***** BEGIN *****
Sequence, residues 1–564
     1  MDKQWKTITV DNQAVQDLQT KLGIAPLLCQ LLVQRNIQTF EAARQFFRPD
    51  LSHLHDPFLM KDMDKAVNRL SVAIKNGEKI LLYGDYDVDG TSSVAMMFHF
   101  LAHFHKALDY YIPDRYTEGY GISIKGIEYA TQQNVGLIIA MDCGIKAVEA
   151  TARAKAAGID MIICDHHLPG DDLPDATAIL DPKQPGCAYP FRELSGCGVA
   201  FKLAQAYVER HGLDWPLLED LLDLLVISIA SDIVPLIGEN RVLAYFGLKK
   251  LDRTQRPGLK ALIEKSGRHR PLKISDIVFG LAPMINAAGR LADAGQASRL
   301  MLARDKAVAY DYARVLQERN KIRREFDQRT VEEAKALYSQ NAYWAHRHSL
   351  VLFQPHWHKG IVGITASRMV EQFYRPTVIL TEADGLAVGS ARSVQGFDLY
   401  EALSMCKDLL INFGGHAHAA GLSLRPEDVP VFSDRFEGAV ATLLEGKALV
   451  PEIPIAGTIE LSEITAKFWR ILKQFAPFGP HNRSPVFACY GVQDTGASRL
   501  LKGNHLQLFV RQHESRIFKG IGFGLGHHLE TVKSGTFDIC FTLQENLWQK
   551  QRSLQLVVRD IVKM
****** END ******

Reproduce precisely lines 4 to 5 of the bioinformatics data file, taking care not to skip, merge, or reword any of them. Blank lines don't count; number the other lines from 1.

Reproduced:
   101  LAHFHKALDY YIPDRYTEGY GISIKGIEYA TQQNVGLIIA MDCGIKAVEA
   151  TARAKAAGID MIICDHHLPG DDLPDATAIL DPKQPGCAYP FRELSGCGVA